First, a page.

Breathing deeply, Maeve concentrated and allowed the view and the hushed quiet of the library to embrace her soul. As her breathing finally slowed to normal, Maeve concentrated on the incident in the Den. As embarrassed as she was at the accident, she was infuriated at what she considered was the callous treatment of the incident by Professor Sean O'Flynn. More than that, Maeve thought, she was confused by her sexual attraction to the man. Normally, Maeve was not the type of person easily attracted by a man's physical presence or easy charm. Again, this was not a normal day for her, she thought ruefully.
"I am no blushing virgin," Maeve thought, as she watched students stroll calmly along the tree-shrouded sidewalks outside the library. "Sure, there haven't been that many men I've let get close to me-in that way. But, it's not like I melt at the touch of every good-looking man I meet. With him, though, one touch and I act like a tongue-tied twit ready, willing and anxious to trip him and beat him to the floor.
"What is it about him? What made him so different? Why did he make me practically dissolve into a lump of oozing gelatin at his feet?"
Maeve pushed her hair back from her face and clasped it into a ponytail. With a flick of the wrist she knotted the mass of thick hair into a knot. It was a natural habit-one she'd had since she was a child. She did it mostly when lost in thought. Suddenly, she wished that Puss, her cat, were there. She could always discuss things with Puss and see the sense of things. Puss had that kind of effect on her.
"Well, Puss isn't here," Maeve thought, as she sat back in her chair. She watched a young couple, obviously in love, sitting on a bench outside the window. They were murmuring in each other's ears and feeding bits of sandwiches to each other. Maeve felt an ache in the pit of her stomach. It was a combination of emotions-she longed to create that kind of intimacy with a man. How wonderful to be so enraptured with another person that a private world could be created in the midst of a bustling campus. The couple was oblivious to all around them.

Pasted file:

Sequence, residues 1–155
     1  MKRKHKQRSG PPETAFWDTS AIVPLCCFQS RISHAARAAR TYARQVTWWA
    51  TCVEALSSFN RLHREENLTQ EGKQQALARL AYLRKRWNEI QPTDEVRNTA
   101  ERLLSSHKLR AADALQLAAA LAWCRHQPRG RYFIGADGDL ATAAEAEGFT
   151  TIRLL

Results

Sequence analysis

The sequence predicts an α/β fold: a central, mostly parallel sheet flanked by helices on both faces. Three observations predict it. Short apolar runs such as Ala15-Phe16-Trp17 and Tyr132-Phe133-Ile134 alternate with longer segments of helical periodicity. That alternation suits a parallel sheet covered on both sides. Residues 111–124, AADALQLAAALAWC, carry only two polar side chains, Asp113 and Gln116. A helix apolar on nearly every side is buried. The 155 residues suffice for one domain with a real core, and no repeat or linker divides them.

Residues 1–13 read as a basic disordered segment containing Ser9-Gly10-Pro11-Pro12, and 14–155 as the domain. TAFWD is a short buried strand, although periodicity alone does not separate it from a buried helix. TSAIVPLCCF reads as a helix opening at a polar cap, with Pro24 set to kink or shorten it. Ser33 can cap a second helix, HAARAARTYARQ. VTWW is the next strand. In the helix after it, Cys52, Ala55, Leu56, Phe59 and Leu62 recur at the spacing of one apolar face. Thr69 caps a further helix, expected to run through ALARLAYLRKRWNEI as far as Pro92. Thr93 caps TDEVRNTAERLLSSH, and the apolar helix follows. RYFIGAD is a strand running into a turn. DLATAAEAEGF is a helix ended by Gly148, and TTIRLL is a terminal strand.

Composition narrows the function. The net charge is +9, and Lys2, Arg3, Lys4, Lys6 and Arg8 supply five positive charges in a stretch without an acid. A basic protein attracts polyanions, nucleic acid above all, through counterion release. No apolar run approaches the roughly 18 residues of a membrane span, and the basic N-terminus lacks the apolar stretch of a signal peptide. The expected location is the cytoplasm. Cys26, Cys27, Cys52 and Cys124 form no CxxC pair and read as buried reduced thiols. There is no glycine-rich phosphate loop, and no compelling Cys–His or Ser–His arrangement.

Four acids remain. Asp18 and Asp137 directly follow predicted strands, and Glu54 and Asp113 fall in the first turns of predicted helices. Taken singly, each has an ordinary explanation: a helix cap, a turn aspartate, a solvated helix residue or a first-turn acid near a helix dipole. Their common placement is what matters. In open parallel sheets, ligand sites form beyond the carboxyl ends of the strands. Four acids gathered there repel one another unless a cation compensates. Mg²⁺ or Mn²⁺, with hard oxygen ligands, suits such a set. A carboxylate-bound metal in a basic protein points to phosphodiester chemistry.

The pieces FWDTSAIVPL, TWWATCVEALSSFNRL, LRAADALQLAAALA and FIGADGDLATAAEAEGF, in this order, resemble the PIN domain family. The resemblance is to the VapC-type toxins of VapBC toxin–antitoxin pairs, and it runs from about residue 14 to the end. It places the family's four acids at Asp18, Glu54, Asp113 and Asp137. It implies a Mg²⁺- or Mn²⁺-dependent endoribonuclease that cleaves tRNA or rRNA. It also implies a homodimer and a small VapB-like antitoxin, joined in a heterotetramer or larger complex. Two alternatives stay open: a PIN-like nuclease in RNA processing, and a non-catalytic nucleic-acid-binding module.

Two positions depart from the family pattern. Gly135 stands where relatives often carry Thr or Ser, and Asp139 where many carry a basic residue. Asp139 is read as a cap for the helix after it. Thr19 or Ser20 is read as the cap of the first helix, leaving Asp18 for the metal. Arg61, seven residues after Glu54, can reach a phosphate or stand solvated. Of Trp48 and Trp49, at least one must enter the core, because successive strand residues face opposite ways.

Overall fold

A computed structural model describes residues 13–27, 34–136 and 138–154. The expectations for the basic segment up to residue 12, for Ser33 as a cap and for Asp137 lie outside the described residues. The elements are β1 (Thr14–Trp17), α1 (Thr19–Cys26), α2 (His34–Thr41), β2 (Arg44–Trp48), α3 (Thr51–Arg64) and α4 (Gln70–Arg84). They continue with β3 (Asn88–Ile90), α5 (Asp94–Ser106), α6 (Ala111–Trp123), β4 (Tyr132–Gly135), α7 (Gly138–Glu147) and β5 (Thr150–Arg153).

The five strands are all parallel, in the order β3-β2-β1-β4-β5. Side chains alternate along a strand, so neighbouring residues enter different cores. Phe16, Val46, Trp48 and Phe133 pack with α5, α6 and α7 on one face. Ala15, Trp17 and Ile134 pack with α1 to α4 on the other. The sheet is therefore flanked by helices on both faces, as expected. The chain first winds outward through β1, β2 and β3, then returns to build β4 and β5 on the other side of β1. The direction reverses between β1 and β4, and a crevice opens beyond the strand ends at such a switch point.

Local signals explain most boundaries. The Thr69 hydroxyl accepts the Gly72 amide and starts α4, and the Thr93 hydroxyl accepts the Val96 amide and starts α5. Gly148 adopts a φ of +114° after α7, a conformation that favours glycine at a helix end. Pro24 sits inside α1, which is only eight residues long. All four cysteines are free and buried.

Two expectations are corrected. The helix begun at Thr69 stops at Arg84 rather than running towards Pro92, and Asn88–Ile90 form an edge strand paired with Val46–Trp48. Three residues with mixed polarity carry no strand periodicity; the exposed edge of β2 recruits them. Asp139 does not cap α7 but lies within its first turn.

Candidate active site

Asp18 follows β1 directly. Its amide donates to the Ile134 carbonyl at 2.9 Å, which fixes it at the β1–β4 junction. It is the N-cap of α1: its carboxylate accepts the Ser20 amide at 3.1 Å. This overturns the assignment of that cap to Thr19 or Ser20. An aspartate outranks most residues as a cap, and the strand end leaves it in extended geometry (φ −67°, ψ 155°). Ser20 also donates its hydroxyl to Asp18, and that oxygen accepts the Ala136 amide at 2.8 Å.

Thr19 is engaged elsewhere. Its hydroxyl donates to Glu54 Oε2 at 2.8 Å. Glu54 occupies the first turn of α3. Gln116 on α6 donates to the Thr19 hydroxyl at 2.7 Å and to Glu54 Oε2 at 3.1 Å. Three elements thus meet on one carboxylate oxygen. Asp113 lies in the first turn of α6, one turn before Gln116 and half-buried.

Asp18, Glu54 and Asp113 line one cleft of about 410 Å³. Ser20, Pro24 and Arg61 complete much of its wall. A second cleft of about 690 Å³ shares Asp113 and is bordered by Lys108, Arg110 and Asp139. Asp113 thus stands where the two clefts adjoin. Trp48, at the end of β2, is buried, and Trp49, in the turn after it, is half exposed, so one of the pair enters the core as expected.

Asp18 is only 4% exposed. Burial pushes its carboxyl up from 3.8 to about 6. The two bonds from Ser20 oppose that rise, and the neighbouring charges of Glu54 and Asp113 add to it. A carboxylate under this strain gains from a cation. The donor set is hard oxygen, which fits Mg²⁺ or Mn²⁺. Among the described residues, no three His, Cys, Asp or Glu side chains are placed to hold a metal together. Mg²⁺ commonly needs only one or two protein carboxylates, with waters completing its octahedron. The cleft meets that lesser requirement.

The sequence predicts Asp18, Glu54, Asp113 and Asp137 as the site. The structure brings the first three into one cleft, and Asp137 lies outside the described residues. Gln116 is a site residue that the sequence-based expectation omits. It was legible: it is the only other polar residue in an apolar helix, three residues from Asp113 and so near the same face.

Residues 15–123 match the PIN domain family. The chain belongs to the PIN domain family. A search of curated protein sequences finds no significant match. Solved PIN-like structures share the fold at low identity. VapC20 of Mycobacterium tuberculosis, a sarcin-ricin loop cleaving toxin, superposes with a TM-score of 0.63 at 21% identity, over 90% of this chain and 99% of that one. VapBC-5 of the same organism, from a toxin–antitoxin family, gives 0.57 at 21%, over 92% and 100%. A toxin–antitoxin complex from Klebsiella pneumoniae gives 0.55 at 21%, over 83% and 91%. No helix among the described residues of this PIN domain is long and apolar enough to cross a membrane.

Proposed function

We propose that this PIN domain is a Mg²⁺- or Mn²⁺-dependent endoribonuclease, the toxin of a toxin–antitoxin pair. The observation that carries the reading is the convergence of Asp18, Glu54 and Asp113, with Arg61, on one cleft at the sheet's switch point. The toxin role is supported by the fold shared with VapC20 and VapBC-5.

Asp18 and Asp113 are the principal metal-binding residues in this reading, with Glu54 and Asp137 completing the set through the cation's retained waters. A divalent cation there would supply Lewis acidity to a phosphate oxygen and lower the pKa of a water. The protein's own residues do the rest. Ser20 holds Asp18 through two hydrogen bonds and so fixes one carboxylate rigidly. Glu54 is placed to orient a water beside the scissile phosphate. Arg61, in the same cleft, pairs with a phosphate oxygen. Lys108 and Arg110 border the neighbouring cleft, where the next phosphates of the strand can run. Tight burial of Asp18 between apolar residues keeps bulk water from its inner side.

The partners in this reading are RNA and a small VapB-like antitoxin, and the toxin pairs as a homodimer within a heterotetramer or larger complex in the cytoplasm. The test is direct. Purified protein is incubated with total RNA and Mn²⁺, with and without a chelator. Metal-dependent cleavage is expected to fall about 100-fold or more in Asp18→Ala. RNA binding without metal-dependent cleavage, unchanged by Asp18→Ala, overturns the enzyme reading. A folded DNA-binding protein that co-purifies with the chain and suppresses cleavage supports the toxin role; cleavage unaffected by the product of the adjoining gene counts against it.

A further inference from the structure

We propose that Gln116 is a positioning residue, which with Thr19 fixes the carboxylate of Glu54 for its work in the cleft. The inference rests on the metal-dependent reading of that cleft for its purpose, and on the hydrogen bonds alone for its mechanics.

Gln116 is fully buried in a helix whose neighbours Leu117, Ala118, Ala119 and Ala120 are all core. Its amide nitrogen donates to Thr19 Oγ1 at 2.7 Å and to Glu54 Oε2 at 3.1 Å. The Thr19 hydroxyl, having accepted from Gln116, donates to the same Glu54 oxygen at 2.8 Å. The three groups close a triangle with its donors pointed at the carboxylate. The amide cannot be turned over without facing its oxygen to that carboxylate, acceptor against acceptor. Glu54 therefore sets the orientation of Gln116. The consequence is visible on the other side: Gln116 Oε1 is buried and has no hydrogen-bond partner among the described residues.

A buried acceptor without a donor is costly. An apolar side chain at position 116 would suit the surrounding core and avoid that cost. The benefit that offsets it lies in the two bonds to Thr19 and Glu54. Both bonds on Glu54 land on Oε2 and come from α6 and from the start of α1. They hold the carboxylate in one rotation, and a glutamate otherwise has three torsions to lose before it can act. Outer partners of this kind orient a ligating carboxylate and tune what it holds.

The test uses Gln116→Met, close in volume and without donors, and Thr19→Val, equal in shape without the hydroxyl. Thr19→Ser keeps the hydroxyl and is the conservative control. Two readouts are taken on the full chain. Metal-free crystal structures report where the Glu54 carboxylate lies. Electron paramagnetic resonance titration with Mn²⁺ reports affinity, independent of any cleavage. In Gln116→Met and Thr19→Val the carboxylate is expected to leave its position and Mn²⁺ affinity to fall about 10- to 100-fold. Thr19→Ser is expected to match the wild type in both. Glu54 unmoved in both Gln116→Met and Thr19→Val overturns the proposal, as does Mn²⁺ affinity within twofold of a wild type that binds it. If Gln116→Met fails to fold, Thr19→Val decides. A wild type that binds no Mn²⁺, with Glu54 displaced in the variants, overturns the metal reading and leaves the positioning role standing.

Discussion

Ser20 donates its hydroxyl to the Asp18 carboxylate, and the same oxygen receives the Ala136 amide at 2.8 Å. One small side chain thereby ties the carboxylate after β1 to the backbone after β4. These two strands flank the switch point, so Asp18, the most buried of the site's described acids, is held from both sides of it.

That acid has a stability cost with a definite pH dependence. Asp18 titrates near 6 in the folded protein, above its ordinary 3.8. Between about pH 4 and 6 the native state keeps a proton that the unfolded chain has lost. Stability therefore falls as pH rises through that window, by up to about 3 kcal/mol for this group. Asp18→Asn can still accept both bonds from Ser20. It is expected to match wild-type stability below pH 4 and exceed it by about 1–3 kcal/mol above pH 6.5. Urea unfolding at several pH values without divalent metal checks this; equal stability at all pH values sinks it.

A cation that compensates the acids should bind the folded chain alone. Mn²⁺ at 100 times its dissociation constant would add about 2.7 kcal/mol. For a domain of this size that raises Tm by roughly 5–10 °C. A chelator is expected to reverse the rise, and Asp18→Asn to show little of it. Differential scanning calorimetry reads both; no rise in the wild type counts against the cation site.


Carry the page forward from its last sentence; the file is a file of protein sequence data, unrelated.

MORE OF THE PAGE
On the other hand, Maeve feared that kind of intimacy. It was a fear born of losing everything one held close and dear. She'd experienced that kind of loss before and desperately sought to avoid the chance of losing again.
Leaning back into the comfortable leather, Maeve propped her legs up on the top rung of the chair. She sighed and crossed her arms across her chest.
Maeve's mind replayed the incident in the Den. Perhaps she was wrong to judge his actions so harshly. Everyone was going a bit mad with the way the weather had been lately. It had been an incredibly hot summer-punctuated every couple of days with severe thunderstorms. There'd been yet another one the night before. The thunder and lightning had abraded the small college town for hours until it finally began raining. Now, it was already nearly 90 degrees, and any signs of the rain had evaporated from sight.
No, Maeve thought, it was too easy to blame his poor behavior on the weather. It was more likely just another facet of the faculty's arrogant demeanor toward the lowly students. He'd just taken it way beyond how any other professor would react to such a harmless accident. Yet, she couldn't deny her attraction to him. It stirred feelings in her that she had long denied.
At the ripe age of twenty-six, Maeve had experienced what she'd mistaken for love on a couple of occasions. Certainly, her experiences lacked the intensity or frequency of others her age, but not many of them had shut themselves away from the world for nearly four years, as she had. She knew that few others experienced the kind of life-altering tragedy she'd endured. Then, when she was finally ready to face the world again, to claim some shred of normalcy, she'd discovered her life was merely a shadow of the real thing. It was nearly impossible for her to voluntarily sacrifice any of the tenuous control she held over her life. Without that ability, it was virtually impossible for anyone to truly know her or share her life. It had been a self-imposed exile.